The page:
Tony Abbott loved to tell everyone Australia was “open for business” under his watch. Imagine the would-be customer’s confusion, then, on entering corner-store Australia to be confronted by a sign reading: “Do not offer credit as refusal may offend.”
That is the contradictory trade and investment policy Abbott has bequeathed to his successor Malcolm Turnbull.
The government has finalised free-trade agreements with north Asian trading partners to give our exporters access to new markets.
Yet, at the same time, it has been just as busily erecting new barriers against foreign direct investment in our economy.
These barriers target agriculture and agribusiness — the very industries that need capital to scale up so they can take advantage of export opportunities in our region.
Compounding the absurdity, the government is also singling out investors from China, Japan and Korea for the most restrictive layers of red tape for investing in Australia.
The Senate is debating government legislation imposing these rules.
The legislation will require Foreign Investment Review Board screening of investments in agricultural land worth more than $15 million.
This $15m threshold will apply cumulatively, meaning it will include the value of an investor’s existing farm holdings as well as the proposed new investment.
Cattle and grain producer Wellard — which has built a major export business over the past 35 years — points out this means it will have to lodge an FIRB application every time it buys a $10,000 paddock next to one of its existing properties.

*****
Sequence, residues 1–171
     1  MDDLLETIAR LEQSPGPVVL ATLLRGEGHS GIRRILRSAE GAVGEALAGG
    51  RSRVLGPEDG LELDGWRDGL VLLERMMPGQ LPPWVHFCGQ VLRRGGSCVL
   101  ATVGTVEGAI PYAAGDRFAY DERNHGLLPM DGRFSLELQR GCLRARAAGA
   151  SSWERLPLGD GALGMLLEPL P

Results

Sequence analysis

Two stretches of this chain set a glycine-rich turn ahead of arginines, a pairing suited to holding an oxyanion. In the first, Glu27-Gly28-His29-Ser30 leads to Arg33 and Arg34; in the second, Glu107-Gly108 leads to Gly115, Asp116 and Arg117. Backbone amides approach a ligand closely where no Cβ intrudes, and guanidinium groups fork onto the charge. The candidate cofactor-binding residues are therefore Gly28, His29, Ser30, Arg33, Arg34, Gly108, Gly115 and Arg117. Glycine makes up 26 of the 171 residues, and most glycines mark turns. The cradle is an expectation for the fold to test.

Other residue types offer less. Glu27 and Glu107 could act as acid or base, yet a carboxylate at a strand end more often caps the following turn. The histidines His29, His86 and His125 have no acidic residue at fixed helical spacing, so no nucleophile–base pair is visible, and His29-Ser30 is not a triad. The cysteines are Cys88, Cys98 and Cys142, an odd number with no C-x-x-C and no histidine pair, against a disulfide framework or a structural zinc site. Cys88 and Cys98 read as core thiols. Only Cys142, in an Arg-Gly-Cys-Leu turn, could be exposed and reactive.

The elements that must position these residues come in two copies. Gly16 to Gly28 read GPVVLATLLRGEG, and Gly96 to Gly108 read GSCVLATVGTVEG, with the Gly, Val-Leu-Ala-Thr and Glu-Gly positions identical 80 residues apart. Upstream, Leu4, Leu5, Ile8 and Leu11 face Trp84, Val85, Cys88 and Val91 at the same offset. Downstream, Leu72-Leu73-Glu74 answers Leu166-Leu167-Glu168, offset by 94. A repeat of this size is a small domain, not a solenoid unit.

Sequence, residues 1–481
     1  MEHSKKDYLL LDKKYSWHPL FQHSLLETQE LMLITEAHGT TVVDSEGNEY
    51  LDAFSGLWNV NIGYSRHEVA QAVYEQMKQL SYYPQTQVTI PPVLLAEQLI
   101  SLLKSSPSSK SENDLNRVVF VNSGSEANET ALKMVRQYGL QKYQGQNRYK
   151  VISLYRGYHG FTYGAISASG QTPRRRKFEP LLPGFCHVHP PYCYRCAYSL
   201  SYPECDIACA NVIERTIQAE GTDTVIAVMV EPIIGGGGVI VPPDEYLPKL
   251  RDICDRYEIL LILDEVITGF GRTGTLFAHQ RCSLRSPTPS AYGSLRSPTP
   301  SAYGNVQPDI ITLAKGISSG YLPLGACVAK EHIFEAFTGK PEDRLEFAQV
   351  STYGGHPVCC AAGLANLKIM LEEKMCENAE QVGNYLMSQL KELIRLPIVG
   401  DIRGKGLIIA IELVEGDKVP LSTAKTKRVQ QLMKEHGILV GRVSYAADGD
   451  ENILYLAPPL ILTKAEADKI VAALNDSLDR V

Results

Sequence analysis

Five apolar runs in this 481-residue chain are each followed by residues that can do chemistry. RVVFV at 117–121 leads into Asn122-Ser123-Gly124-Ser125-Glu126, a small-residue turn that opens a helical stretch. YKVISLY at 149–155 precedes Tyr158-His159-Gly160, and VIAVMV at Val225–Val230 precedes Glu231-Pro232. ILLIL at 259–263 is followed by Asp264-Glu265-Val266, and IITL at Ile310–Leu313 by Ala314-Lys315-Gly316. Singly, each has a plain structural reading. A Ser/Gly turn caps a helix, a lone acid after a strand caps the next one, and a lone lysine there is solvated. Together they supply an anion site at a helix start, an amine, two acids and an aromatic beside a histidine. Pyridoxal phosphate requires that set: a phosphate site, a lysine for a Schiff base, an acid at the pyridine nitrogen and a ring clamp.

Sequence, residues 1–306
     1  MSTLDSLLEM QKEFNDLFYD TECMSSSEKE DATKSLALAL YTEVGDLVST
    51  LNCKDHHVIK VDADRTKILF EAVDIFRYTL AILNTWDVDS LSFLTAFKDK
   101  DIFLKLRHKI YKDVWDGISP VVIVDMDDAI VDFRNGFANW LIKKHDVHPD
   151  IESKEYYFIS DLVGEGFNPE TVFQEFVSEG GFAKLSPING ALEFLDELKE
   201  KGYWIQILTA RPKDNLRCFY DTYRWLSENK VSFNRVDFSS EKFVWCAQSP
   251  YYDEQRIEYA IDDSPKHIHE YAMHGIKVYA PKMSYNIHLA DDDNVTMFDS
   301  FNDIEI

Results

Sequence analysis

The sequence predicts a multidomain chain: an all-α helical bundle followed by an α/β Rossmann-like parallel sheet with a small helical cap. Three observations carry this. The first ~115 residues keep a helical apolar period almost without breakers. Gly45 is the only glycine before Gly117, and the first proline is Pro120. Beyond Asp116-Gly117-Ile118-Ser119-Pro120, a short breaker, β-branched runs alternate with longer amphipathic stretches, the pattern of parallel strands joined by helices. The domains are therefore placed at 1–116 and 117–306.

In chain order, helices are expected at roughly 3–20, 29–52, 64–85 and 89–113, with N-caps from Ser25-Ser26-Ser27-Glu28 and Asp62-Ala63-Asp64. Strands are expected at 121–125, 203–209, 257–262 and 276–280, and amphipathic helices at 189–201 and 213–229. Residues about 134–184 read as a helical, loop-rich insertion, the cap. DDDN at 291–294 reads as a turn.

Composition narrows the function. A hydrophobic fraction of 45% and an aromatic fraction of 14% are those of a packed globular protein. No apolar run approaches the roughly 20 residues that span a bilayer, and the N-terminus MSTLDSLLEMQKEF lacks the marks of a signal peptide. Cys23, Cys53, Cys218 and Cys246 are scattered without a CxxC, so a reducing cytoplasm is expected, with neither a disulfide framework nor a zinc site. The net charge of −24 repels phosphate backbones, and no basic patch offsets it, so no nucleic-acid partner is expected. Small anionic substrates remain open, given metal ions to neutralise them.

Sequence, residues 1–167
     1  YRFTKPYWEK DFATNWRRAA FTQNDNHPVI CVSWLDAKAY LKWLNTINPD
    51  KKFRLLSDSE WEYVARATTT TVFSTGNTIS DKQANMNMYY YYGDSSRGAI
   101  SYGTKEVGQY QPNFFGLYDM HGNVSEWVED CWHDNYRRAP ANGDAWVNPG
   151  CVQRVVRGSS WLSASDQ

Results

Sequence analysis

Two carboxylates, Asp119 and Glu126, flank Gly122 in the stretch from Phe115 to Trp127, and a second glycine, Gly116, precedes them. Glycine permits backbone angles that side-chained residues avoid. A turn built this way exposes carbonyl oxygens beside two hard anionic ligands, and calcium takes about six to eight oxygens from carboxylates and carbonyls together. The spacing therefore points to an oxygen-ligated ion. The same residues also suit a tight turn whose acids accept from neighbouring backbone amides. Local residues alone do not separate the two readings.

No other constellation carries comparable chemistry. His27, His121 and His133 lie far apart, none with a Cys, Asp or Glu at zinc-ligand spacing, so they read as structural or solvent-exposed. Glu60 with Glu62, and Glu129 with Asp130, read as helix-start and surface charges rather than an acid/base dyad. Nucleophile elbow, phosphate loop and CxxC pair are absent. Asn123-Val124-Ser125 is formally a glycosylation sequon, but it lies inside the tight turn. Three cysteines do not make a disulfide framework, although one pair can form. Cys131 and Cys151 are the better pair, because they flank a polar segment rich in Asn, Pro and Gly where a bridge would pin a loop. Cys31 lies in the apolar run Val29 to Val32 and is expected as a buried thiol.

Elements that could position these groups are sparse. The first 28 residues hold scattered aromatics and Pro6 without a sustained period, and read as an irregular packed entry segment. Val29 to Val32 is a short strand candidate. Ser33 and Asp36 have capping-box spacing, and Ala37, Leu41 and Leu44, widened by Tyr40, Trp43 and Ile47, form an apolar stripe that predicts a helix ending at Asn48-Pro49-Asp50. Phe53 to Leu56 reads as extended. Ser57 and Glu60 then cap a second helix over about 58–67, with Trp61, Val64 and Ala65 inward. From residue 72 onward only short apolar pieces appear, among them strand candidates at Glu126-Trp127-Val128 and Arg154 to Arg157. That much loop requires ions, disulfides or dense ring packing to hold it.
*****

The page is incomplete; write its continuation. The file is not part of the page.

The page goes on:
The legislation also imposes a $55m threshold on investments in agribusiness — and it defines agribusiness so broadly the rules will affect half Australia’s food manufacturing industry.
These barriers come after this year’s budget decision imposing $735m in FIRB application fees on investors — making us one of the few countries to impose a tax on inward investment.
The changes will make Australia less attractive as an investment destination. They will make it harder for farmers and food manufacturers to raise capital. And they will put downward pressure on the values of farm assets.
This is the kind of economic incoherence we came to expect under Abbott.
It is disappointing to see Turnbull persisting.
And it is extraordinary to see the Liberals pursuing policies that have been criticised so roundly by the business community.
The investment screening thresholds have been criticised by the Business Council of Australia, the Food and Grocery Council, the Cattle Council of Australia, the Queensland Farmers Federation, the WA Chamber of Commerce and Industry, the Australian Lot Feeders Association, the Financial Markets Association, Wellard, Graincorp and Ridley Corporation.
Australia has always needed to tap into foreign capital to supplement domestic savings and fund the investment needed to grow our economy.
We will move in the Senate to amend the legislation to remove the requirements for FIRB screening of investments in agribusiness worth more than $55m.
There is no policy rationale for imposing these barriers to investment in agribusiness.
They would create the bizarre position where the screening threshold for genuinely sensitive sectors like uranium extraction or defence industries would be nearly five times higher than for food manufacturing.
Labor’s amendments will also increase the threshold for agricultural land to a non-cumulative $50m, the level provided for under Howard-era free-trade agreements.
If Turnbull wants a real break with the Abbott legacy, he should vote for an open foreign investment regime.
Will the Liberals support Labor’s amendments — or vote with the protectionists from the Nationals and the Greens to impose barriers against investment?
This opinion piece was originally published in The Australian on Monday, 23 November 2015